• 15
    For reference, se footnote 3.
  • 16
    For reference, se footnote 3.
  • 17
    For reference, se footnote 3.
  • 18
    It was not only in Brazil that campaigns against measures of social isolation as a way of controlling the spread of the disease were produced. In Milan, at the end of February, the city released the video “Milano NON si ferma.” A month later, with a high number of cases and deaths in the Lombardy region, the mayor of Milan apologized and admitted to having made a mistake with the campaign, according to press reports (PREFECT, 2020).
  • 19
    The Fake News Joint Parliamentary Commission of Inquiry (CPMI) aims to investigate (i) cyber attacks that attack democracy and public debate; (ii) the use of false profiles to influence the results of the 2018 elections; (iii) the practice of cyberbullying on the most vulnerable users of the computer network, as well as on public agents; and (iv) trimming and guiding children to commit hate crimes and suicide (BRASIL, 2020BRASIL. Senado Federal. Comissão Parlamentar Mista de Inquérito - Fake News. Disponível em https://legis.senado.leg.br/comissoes/comissao?0&codcol=2292. Acesso em 15 jul. 2020.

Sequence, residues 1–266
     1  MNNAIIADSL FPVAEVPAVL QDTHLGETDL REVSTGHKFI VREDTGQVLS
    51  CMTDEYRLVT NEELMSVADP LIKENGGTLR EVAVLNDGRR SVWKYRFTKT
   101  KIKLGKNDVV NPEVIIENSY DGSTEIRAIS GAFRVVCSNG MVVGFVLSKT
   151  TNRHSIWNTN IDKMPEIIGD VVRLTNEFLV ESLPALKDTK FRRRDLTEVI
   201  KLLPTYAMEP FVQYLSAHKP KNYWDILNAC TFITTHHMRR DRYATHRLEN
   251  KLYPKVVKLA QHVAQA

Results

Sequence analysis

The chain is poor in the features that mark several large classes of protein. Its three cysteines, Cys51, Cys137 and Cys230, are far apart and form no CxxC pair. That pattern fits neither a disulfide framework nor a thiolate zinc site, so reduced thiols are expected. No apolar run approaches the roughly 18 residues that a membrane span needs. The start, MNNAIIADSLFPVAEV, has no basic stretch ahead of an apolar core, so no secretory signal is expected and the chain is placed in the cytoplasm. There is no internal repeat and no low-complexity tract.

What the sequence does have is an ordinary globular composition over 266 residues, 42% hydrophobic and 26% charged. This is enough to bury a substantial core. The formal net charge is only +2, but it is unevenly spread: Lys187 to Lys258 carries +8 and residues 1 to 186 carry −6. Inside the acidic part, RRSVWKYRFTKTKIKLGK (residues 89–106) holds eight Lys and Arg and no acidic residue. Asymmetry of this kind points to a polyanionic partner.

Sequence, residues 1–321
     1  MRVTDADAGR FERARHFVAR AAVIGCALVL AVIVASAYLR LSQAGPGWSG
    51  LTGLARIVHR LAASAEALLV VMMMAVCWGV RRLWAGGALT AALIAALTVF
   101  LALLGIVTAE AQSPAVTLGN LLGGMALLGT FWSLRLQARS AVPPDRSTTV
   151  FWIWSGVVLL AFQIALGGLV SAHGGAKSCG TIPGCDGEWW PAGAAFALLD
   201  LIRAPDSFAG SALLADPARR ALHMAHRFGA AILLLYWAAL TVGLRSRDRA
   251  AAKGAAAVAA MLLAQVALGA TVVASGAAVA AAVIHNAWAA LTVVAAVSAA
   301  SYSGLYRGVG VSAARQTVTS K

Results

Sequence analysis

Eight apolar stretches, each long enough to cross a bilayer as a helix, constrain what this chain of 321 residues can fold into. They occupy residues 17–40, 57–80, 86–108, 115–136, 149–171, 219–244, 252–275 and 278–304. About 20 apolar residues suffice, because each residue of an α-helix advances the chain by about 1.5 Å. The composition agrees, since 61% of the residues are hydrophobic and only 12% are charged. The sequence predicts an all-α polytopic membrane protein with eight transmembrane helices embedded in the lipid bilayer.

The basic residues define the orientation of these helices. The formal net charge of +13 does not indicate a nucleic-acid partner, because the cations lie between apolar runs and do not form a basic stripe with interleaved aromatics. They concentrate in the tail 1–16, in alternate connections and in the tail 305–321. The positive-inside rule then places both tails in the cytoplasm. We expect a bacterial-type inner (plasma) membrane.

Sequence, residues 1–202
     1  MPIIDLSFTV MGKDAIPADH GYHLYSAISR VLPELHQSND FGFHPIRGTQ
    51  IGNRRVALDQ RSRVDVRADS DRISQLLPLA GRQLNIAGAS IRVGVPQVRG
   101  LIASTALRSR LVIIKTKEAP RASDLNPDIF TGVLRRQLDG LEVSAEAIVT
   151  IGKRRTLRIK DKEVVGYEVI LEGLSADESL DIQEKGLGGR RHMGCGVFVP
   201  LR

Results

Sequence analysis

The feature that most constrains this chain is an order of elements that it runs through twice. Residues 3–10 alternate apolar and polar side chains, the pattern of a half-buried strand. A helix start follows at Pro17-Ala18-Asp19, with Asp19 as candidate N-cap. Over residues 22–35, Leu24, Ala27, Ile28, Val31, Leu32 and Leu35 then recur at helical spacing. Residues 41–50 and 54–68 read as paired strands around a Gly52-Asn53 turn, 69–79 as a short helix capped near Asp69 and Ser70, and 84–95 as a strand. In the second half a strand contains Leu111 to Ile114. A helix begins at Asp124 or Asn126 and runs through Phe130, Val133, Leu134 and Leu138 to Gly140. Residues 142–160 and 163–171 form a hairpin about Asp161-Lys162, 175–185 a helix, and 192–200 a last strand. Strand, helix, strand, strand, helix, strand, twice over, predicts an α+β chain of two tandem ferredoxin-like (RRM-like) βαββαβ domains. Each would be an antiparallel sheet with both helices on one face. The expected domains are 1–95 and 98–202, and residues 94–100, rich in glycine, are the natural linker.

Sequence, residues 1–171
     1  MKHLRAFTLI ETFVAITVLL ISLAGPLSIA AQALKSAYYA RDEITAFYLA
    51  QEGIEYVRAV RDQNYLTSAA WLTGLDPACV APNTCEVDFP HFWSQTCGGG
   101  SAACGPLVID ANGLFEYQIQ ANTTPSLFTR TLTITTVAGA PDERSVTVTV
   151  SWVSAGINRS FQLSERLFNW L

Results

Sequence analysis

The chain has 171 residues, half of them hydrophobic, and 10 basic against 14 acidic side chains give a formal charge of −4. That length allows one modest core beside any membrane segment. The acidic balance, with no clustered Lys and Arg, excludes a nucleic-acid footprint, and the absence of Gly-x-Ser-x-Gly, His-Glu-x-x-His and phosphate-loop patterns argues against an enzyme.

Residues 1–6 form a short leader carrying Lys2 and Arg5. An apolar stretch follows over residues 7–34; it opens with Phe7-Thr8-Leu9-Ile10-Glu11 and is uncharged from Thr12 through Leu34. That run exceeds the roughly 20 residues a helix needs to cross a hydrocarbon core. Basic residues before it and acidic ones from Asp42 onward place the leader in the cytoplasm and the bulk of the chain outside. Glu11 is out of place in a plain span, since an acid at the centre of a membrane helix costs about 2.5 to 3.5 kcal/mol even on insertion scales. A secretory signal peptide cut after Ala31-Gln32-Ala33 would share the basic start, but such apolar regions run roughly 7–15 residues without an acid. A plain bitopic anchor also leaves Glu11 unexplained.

https://legis.senado.leg.br/comissoes/co...
    ).
  • 20
    The utterance by the President of the Republic, Jair Bolsonaro, in the Radio and Television Chain on March 24, 2020, makes this position explicit. The video with the pronouncement is available for viewing on YouTube, at the link: https://www.youtube.com/watch?v=Vl_DYb-XaAE (Accessed: 25 Apr. 2020).
  • 21
    In Portuguese: “as orientações do presidente da República do Brasil.”
  • 22
    In Portuguese: “[...] selecionam diferentes recursos semióticos e diversas combinatórias possíveis entre eles para atingir suas finalidades e ecoar seus temas [...].”
  • 23